In light of the recent Equifax data breach, many IT managers and compliance specialists are putting their data security standards and procedures under the microscope. They may be asking:

  • Where does the data trail end?
  • Am I liable for the equipment housing my data after I’ve retired it?
  • How important is ITAD in data security?

Data breaches are costly. Preventing data leaks and practicing data destruction best practices are paramount. If IT professionals are not securely and responsibly disposing of assets, they’re ignoring the final stage of the IT asset lifecycle and potentially negatively impacting their bottom line.

An expensive mistake – from both a financial and reputation perspective

A good reputation is hard to establish and can be even harder to protect. If your company’s name is tarnished by a data breach, not only do you have to go into damage control to rebuild your reputation, there’s also a very real financial cost.


Since the dawn of the new millennium, over five billion users have been affected by data breaches. The average cost of a data breach is now almost $4 million, which represents an average of 25,575 records at an average cost of $150 per record. According to the HIPAA Journal, the healthcare industry feels the sting of a breach even more, at a cost of $429 per record.

Beyond security patches and shredding: IT asset disposition

When your gear reaches its end-of-life or end-of-service, it needs to be retired or decommissioned responsibly. Servers and hard drives can store bits of data that still contain sensitive user information subject to your industry’s or general compliance standards. So data security and compliance do not begin and end with real-time security, enduser training, patches, shredding, and backups, but the final disposal of assets.

IT asset disposition (ITAD) can be complex. The guidelines for data destruction include NIST 800-88, PCI DSS, and ISO 27001, three security standards that dictate how digital media (such as hard drives) is destroyed when no longer in use.  IT managers are ultimately responsible for choosing how to dispose of their organization’s data, defining processes and implementing those processes.

Two major decisions for data destruction are:

  1. Classifying information based on value, legal requirements, sensitivity and organizational need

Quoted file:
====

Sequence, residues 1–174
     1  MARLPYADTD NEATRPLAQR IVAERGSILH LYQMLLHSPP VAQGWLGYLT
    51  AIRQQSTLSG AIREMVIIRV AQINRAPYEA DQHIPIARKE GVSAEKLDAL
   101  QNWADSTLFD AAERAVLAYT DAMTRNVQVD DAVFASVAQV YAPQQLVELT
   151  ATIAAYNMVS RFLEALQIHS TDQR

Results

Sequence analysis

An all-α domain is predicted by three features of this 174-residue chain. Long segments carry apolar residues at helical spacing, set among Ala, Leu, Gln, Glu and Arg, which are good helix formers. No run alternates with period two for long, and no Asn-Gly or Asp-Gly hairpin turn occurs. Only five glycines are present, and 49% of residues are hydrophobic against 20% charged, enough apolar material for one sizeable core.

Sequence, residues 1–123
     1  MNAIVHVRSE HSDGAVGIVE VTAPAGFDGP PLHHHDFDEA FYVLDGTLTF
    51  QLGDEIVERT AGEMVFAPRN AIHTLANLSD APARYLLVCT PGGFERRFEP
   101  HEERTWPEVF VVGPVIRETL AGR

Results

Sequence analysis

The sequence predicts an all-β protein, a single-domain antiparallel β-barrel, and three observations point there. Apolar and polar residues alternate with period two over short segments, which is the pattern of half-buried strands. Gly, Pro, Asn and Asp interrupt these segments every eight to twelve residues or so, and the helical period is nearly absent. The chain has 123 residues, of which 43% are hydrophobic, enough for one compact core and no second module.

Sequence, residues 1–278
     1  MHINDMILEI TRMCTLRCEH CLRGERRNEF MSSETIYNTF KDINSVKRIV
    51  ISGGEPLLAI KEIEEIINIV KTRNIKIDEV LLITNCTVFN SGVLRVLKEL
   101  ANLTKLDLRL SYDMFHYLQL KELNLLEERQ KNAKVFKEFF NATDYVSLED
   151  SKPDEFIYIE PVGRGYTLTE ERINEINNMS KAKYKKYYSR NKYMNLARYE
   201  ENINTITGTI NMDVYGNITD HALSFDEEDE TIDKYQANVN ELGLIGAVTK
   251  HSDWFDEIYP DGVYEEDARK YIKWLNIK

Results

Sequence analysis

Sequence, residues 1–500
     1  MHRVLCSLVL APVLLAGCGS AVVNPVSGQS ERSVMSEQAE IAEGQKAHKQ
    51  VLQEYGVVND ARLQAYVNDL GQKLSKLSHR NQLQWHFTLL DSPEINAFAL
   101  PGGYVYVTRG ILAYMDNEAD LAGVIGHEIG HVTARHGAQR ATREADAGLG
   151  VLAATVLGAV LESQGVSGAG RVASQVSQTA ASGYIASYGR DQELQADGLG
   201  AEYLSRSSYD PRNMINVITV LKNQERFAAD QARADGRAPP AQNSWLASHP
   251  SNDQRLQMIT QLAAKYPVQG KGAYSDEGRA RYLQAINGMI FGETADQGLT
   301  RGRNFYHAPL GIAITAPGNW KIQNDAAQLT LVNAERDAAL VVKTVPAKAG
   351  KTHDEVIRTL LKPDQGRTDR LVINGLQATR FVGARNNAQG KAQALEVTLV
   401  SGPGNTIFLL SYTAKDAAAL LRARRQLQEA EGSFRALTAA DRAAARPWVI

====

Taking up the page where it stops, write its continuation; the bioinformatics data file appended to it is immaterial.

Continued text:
2. Finding the best data destruction process based on the value of the information (and your IT assets!) to the company and its stakeholders

Finding peace of mind – and money – in ITAD

IT asset disposition (ITAD) should always be viewed through the lens of data security first. But importantly, it should be recognized as a way to enhance your IT budget. Just as ITAD is a critical prong in your data breach prevention strategy, IT asset value recovery should be an important consideration in your budget management process.

    Here are 4 things to look for in an ITAD partner

    1. Certification – Find a vendor who is certified to destroy data, preferably through the National Association of Information Destruction (NAID)
    2. Competitive bidding – Seek out organizations that have deep connections within the IT industry so that they can offer accurate valuations on your equipment
    3. Compliance – Ensure that your vendor understands your industry’s compliance requirements and can provide you the necessary documentation upon job completion
    4. Responsible disposal – Any and all waste or scrap should be properly disposed of, not exported or placed in a landfill

    Ultimately, a solid understanding of ITAD will help IT asset managers:

    • Ensure data security
    • Protect brand reputation
    • Be better environmental citizens
    • Improve return on investment
    • Positively impact bottom line

    If you’re an IT manager interested in seeing how NextUse can keep your data secure and maximize your asset value recovery, complete this short form or call Colin at 603-834-9438.